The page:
“The best way to do security is by building layers, and by continually improving on the system,” Hinz said. “We react quickly. If you have a hot spot, you address it immediately. You stop the problem before it develops.”

One example is at the Watt/I-80 Station. The station is scheduled for a major redesign to improve security, safety and accessibility. In the meantime, Hinz recently stationed guards and elevator monitors at the station to assist customers and monitor the station for nuisance behavior.

SacRT police teams also conduct “fare blitzes” at stations, where teams of officers check people for valid fare on random days and times to ensure there is no trespassing in the Paid Fare Zones. Under a recent state law that we sponsored, transit stations are designated as rider-fare-holder only areas.

 Cameras, Video Monitors, and ‘The Voice of God’

The backbone of our safety and security network is the 1,500 live-feed cameras deployed throughout our system. Every train car, train station and bus are now equipped with real-time cameras.

Those cameras are monitored 24/7 by SacRT staff in a Security Operations Center (SOC) located in the Sacramento Police Department’s safety center.

“This isn’t your grandfather’s transit agency,” SacRT Board Chair Kennedy said. “Our Transit Ambassadors are the face of SacRT. But technology is a core part of our mission to provide safe, reliable, clean and convenient service.”

The security crews monitoring live cameras at the SOC can speak directly to people at our stations via public address (PA) systems. The media sometimes refers to it as “The Voice of God,” and it has become an important tool for deterring bad behavior at light rail stations.

Security crews make on average 500 PA loudspeaker announcements per month, often advising someone not to smoke or drink in the station or asking them to pick up their litter.

Videos show that the person being spoken to, typically, immediately stops unauthorized activity.

“The message we are sending is we are watching, and if you are doing something you shouldn’t be doing, there are going to be consequences,” said Robert Kerr, the manager of our SOC.

It sends a message of assurance as well to all riders at the light rail station, he said. “They can know that somebody is here monitoring, behind the scenes.”

National Recognition, but No Complacency

In recognition of our security efforts in recent years, the Federal Transportation Administration awarded SacRT with its 2022 and 2019 Gold Standard Award for System Security, and the American Public Transportation Association (APTA) recognized us with the 2023, 2021 and 2020 national rail safety awards.

We also received two other national awards: the APTA 2021 Outstanding Public Transportation System of the Year and General Manager/CEO Henry Li received APTA’s 2019 Outstanding Public Transportation Manager Award, in good part because of our steps creating a safe, clean and convenient system.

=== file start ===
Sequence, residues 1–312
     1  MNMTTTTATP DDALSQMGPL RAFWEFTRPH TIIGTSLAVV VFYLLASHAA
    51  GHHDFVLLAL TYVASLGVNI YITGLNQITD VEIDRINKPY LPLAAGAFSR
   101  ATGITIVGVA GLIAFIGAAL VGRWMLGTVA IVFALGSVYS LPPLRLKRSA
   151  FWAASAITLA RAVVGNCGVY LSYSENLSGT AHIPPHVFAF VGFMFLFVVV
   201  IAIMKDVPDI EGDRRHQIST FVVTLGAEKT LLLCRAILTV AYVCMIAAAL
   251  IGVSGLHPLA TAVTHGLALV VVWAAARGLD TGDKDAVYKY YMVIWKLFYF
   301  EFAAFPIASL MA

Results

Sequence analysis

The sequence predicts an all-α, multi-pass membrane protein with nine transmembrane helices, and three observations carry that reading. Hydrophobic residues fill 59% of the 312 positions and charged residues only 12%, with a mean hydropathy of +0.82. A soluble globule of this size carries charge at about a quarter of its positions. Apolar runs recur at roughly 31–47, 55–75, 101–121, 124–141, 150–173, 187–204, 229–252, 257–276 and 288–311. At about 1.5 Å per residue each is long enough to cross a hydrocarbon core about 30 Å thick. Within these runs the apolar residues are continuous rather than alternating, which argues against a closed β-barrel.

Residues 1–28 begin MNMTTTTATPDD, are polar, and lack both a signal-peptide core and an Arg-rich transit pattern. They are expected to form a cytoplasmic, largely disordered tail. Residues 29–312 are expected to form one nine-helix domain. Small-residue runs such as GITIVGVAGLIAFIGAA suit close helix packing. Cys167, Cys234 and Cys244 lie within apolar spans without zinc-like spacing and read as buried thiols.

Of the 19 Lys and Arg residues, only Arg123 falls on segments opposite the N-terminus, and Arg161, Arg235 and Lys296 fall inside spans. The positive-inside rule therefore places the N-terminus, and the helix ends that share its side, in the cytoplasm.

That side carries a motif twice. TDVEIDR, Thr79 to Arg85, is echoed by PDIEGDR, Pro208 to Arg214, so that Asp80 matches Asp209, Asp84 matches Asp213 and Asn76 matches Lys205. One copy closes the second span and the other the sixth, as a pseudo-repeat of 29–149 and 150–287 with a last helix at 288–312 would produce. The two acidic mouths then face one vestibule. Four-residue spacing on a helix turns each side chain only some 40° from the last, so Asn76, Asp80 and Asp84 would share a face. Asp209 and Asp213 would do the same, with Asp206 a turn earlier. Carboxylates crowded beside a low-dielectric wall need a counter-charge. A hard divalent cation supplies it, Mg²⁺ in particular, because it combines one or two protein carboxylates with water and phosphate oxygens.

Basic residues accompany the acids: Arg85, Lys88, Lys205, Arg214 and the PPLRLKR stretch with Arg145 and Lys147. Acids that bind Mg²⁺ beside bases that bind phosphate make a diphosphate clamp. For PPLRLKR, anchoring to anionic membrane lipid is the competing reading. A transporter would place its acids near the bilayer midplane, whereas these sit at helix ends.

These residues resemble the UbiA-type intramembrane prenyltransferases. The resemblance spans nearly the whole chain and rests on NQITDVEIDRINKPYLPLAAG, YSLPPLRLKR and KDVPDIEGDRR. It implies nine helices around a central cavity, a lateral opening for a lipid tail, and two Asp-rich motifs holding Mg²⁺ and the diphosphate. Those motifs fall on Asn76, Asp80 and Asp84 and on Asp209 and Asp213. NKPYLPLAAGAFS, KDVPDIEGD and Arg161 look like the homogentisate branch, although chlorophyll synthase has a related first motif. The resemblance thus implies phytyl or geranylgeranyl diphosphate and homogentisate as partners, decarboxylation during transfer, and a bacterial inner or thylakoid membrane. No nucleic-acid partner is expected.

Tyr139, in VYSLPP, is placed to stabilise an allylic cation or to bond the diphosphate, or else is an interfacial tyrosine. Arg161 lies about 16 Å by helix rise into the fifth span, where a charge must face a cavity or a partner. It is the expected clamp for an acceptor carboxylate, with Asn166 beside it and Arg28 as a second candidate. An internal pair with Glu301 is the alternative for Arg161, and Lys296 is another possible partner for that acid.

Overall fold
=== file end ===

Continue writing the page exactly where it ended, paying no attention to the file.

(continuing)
We are pleased, but not complacent and will continue to grow and adapt.

“Our safety and security infrastructure is super strong,” says Hinz, SacRT’s security VP. “But we have an open system (no turnstiles or gates). We are here to serve all members of our community and should always be watchful and improving.”

Riders themselves are also part of our security system, Police Services Director Vince Beatty said. We offer riders the Alert SacRT app that allows them to contact us in real time when they see something problematic on the system.

“The Alert SacRT app can be used discreetly and anonymously,” Beatty said. “Riders can also alert the operator of a bus or the train when the train is stopped at a station.”

These combined industry best practices have paid off in a big way. Our crime rates are extremely low at approximately .0007% per trip (only 7.5 incidents for every one million trips taken).

Bottom Line: Safe, Clean, Convenient and Rider Friendly

We believe the real story of SacRT – and the real daily experience on our buses and trains – is one of shared community spirit.

We open our doors daily to diverse groups of people. For instance, thousands of students ride SacRT fare-free every day. Every day, commuters ride in ease, often chatting with familiar faces on board.

Meanwhile, elderly, disabled and other non-drivers use our system to get to stores and medical appointments. And, during festivals, sports events or concerts, thousands of riders choose our buses and trains to add an extra touch of freedom and fun to their outing while avoiding traffic and parking hassles.

We are proud to be a mobility provider to all community members. We have been at your service now for over a half century. And we are committed to continuing to make that service as clean, secure, convenient, and user-friendly as possible in the years ahead.